Review: Ashley McBryde -- Girl Goin' Nowhere

Monday, 09 April 2018 04:19 PM Written by 


ashley mcbryde cover

Arkansas native Ashley McBryde, a powerful singer-songwriter, has a voice dripping with unabashed twang, not unlike the young Reba McEntire. Over the past decade as she worked to gain wider exposure she recorded one album (2011's Elsebound) and two years ago, the EP Jalopies & Expensive Guitars. Her promise finally gained attention when Eric Church heard her and began bringing her onstage at concerts. It's not surprise, since Church is one of Nashville's smartest and most astute musical voices.

Girl Goin' Nowhere is an absolutely stunning journey through the musical musings of a talent able to create songs of jaw-dropping clarity, loaded with heart, empathy and grit. The title song captures the emotions of a woman embarking on a musical career, braving the skepticism, disbelief and small town jealousy of her peers to achieve what she intended. It's simple, eloquent and profoundly moving.

The plea of "American Scandal," a love song filled with longing and desire, has an undercurrent of flippancy apparent in the line "Love me like Kennedy and Monroe" (as in JFK and Marilyn).

"Southern Babylon" adds elements of jazz to a composition about dark, almost film noir situation of a performer with car trouble, stuck in unsettling surroundings. The moody arrangement, complete with vibraphone, is totally appropriate. I've had occasional issues with the work of producer Jay Joyce with other artists (though not his outstanding efforts with Eric Church), but this is utter perfection from the first to the final note, framing her vocal flawlessly. The expressive, vivid imagery of "The jacket," the story of a father's worn, ancient denim jacket and a daughter's love, is a drama in miniature, a marvel to behold.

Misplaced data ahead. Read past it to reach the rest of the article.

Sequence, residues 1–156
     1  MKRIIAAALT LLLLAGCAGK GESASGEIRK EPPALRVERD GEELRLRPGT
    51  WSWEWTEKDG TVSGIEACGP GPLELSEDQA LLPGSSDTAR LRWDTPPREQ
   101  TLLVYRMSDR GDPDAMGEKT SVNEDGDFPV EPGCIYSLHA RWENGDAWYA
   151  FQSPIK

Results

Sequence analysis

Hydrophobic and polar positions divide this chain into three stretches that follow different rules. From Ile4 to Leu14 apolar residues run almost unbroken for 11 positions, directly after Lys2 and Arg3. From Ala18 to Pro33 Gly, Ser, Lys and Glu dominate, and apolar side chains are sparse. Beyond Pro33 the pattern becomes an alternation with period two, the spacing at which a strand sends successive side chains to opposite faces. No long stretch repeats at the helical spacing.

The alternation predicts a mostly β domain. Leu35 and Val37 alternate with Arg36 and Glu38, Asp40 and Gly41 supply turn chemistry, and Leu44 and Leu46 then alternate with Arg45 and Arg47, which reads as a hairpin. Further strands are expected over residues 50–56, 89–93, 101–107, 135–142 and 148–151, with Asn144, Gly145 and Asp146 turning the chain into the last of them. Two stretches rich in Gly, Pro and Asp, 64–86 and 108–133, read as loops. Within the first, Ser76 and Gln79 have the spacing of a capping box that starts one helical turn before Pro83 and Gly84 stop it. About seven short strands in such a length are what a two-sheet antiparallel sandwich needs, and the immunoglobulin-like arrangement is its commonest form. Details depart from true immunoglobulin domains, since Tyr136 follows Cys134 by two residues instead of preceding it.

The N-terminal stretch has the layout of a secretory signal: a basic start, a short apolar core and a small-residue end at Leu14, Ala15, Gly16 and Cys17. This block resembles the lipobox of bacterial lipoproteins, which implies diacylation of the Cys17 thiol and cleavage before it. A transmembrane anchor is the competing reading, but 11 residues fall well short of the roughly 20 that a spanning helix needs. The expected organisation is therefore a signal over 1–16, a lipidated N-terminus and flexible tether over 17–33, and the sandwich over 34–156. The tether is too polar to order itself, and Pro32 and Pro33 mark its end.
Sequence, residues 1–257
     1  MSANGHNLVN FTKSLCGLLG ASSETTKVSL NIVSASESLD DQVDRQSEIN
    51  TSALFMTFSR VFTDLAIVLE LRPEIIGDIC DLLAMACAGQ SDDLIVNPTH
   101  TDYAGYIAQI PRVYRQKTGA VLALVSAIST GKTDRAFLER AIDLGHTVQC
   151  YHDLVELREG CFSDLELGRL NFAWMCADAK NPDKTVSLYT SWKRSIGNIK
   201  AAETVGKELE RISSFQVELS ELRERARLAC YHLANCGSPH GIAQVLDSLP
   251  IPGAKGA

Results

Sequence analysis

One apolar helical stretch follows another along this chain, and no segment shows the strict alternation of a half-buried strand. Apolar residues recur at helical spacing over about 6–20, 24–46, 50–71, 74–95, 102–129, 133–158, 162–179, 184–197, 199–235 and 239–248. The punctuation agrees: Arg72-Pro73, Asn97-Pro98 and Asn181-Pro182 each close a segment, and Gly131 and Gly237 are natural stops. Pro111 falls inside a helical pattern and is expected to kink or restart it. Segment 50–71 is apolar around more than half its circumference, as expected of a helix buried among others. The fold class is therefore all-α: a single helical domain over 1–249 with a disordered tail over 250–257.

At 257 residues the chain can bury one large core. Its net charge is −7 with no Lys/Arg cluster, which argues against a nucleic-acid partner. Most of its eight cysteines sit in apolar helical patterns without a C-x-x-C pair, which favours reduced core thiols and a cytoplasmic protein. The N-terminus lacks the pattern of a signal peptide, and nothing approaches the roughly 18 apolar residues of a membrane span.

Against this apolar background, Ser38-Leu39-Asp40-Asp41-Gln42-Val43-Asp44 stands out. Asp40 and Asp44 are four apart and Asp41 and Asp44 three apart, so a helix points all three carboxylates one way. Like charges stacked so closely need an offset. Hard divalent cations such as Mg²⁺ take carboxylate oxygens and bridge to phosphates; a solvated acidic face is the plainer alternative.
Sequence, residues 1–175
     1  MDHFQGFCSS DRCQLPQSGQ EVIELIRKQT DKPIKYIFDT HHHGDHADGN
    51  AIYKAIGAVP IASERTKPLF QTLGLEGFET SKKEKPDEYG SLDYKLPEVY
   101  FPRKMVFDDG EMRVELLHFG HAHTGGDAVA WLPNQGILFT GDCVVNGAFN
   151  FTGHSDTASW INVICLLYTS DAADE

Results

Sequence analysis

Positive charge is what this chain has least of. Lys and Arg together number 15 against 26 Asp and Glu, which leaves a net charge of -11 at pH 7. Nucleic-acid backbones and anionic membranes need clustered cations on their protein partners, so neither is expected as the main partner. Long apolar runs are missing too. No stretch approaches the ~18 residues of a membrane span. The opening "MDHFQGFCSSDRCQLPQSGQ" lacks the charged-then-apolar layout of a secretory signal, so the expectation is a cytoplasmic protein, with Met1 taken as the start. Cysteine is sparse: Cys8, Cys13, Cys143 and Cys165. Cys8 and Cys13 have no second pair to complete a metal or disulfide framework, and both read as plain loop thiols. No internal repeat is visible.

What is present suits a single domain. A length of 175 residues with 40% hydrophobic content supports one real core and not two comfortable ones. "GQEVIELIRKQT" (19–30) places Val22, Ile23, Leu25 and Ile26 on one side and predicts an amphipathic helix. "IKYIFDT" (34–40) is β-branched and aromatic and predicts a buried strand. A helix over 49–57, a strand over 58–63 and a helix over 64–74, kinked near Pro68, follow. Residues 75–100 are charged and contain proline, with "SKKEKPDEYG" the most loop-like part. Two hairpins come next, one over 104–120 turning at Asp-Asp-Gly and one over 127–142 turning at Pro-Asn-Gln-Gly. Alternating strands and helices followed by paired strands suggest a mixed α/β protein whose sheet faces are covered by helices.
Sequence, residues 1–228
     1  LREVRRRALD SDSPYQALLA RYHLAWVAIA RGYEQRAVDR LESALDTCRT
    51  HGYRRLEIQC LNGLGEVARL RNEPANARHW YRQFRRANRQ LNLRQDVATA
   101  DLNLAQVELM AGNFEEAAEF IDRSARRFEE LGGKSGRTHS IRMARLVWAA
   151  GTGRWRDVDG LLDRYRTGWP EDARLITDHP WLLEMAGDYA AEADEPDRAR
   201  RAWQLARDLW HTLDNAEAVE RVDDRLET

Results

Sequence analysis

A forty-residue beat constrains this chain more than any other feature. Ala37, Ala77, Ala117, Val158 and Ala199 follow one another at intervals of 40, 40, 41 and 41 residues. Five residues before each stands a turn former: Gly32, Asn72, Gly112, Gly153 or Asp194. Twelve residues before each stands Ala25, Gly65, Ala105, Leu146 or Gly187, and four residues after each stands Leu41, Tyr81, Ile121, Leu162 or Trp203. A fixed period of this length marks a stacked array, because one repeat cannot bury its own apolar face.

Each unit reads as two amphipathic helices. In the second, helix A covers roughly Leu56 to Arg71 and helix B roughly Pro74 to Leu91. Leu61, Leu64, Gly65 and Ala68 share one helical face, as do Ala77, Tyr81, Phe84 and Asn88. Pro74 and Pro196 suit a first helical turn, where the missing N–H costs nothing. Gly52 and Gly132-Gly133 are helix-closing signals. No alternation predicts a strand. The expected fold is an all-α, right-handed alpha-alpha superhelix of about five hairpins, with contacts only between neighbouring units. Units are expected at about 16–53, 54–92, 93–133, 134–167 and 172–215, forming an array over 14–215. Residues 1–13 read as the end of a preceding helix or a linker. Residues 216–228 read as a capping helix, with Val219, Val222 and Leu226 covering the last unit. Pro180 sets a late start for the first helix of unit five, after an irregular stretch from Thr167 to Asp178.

The album's first single " A Little Dive Bar in Dahlongea" summarizes McBryde's compositional genius by capturing a relationship and location with sharp observational flair that renders Loretta Lynn's and Dolly Parton's compositions so timeless. The minor domestic conflicts that make up "Andy (I can't live without you)" bring together love, frustration, irritation and passion in one beautifully packaged ballad.

The musicians' road trip chronicled in "El Dorado" roars with energy and spirit, the arrangement hand in glove with the sharp, focused lyrics."Tired Of Being Happy" is the kind of song Miranda Lambert excels with, the tale of a woman who loses her man to another woman, more his type, relying on her world-weary sense of her own faults. Her performance of the love song "Home Sweet Highway," is rendered with gospel-style fervor.

McBryde has a debut here that is beyond stunning. She stakes her claim with music filled with raw emotion, vivid Southern iconography, smart lyrics and a sound that defies the usual hooks. Taken together, her street smarts, vulnerability and creative vision make it easy to see what Church and others see in her blend of voice and composition. It's easily one of the most remarkable debuts of 2018, revealing an artist of irresistible power.


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